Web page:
graduates from Kentucky universities can establish technology businesses regardless of

    where they reside in the state.

    6 Sherry Lichtenberg, “Telecommunications Deregulation: Updating the Scorecard for 2013,” National Regulatory

    Research Institute, April 2013, p. 34. 7 The term “Provider of Last Resort” (POLR) refers to obligations referenced under Section 278 of the Kentucky

    Revised Statutes, and is similar to the term “Carrier of Last Resort” (COLR) used in the literature, but is

    considered more inclusive.

  • 1

    Telecom Regulatory Review: Kentucky 2014

    The Digital Policy Institute Ball State University

    Muncie, Indiana 47306

    Robert Yadon, Ph.D. and Barry Umansky, J.D.


    1.0 Introduction

    1.1 Overview

    The Kentucky General Assembly will be facing a number of critical issues in 2014, which will

    impact the Kentucky business environment and consumers for generations to come. It is no

    longer just a good idea for government to provide an environment conducive to a flexible and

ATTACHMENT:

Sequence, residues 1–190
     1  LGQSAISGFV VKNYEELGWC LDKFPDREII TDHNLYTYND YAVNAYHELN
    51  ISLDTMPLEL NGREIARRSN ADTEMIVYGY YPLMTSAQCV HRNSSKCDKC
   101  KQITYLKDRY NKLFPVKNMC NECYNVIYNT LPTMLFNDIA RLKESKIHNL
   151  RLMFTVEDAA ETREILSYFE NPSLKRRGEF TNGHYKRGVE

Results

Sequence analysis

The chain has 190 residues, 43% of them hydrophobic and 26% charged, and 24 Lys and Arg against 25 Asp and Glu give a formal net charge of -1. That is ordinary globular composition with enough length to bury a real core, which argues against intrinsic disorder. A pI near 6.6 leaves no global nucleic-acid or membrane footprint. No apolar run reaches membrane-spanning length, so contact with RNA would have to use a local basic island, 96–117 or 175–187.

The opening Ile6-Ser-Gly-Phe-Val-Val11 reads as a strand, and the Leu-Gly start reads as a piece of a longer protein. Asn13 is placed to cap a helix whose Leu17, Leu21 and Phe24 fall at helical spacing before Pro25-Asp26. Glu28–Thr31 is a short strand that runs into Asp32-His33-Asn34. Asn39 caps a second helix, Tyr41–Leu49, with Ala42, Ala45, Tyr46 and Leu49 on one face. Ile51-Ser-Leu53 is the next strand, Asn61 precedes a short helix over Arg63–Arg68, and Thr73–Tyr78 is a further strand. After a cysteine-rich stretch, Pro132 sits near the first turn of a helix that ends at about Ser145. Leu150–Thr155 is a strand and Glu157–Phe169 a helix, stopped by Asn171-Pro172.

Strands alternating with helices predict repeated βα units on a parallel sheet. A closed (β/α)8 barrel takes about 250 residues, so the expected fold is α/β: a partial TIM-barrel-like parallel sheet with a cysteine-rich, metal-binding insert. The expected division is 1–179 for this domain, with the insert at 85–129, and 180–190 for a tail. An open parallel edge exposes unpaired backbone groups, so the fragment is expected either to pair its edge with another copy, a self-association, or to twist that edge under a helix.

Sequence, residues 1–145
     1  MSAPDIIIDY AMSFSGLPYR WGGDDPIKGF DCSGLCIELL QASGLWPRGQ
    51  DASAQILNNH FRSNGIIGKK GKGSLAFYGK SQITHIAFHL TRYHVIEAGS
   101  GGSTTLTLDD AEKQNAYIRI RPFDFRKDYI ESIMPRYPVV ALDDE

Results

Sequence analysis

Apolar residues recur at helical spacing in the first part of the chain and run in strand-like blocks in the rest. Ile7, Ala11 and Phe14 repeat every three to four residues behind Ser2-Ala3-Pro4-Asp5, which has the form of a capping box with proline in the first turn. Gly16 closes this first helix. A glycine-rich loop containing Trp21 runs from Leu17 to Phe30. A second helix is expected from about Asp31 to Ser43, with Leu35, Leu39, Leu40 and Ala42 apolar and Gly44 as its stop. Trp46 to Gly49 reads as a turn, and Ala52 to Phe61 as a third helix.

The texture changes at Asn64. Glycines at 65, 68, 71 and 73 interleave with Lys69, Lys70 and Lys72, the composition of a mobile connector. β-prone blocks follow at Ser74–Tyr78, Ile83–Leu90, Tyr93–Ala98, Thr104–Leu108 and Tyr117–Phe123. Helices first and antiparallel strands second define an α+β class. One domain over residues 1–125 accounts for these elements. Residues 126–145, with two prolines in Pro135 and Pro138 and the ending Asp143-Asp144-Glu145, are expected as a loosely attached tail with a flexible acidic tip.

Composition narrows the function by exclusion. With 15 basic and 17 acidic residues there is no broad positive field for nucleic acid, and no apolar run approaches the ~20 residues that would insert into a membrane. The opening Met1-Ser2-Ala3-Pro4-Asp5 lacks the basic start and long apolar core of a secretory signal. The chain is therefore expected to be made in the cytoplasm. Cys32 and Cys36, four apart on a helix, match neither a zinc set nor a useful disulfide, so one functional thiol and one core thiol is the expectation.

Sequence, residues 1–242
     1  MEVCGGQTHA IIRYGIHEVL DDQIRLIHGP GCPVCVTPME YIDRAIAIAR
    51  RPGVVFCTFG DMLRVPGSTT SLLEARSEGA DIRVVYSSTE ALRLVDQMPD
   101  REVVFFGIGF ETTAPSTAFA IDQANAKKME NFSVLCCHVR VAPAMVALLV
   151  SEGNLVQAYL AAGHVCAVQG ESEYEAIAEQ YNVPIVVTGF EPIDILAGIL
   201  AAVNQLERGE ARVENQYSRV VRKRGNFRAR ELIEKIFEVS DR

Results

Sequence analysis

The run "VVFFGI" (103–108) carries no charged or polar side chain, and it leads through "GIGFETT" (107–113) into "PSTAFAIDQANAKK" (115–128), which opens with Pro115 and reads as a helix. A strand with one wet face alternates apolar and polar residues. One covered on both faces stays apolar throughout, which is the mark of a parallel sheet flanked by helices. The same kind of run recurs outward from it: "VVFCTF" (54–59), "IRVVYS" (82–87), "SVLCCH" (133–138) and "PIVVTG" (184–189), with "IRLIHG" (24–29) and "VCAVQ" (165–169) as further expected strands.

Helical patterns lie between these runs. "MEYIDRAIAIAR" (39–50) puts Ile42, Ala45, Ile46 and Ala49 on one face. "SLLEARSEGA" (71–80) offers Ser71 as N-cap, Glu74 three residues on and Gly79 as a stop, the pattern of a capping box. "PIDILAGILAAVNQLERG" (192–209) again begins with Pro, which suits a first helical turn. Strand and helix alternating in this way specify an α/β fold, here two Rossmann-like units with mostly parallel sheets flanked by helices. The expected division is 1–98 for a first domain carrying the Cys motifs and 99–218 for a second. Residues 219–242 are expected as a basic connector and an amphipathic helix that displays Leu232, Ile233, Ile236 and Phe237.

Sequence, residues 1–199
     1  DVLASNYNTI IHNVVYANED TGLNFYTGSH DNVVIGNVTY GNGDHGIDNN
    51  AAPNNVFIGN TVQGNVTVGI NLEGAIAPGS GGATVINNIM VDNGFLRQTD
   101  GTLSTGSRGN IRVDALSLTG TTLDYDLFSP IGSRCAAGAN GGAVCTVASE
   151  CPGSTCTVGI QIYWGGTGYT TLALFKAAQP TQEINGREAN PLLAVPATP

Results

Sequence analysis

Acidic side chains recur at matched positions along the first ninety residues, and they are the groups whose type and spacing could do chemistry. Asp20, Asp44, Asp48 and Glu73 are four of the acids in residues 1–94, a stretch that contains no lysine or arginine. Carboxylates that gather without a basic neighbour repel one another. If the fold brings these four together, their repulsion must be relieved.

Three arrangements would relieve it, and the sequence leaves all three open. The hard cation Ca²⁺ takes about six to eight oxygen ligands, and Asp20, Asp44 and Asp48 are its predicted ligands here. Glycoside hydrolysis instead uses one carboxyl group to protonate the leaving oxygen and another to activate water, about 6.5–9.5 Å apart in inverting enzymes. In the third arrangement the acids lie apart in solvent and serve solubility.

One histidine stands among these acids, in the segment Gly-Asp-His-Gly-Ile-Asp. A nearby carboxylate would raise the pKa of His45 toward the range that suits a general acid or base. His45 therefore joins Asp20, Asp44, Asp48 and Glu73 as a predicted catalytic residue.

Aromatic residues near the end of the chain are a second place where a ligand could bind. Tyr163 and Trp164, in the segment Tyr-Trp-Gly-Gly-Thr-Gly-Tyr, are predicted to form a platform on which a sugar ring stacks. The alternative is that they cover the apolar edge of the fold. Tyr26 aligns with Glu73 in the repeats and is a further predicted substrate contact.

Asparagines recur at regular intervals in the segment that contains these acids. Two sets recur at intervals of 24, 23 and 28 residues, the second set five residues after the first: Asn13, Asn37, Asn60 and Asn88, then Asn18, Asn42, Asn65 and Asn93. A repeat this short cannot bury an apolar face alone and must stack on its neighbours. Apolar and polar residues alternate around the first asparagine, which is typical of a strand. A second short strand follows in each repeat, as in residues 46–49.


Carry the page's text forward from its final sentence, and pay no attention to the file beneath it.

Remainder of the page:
innovative business climate; it has become a necessity at all levels of governance to ensure that

    policy decisions set in place reflect a dedication to a dynamic business culture suited to compete

    in the ever-changing and increasingly fast-paced knowledge-based, global economy. This is

    especially true in the telecommunications sector, where out-of-date provider of last resort

    (POLR) regulations, drafted when carriers were monopolies, are still on the books.

    The importance of the periodic review and modernization of state laws that govern the growth

    and investment in Kentucky’s information economy is clear. In the modern technology

    economy, Kentucky must ensure that it is developing and retaining policies that create

    welcoming environments to attract high-tech investment. This, in turn, will attract not just high-

    tech businesses but also better support existing brick-and-mortar businesses and service

    industries that need modern technology to operate efficiently.

    Recognizing the stagnation in the Federal telecom regulation arena as well as the success of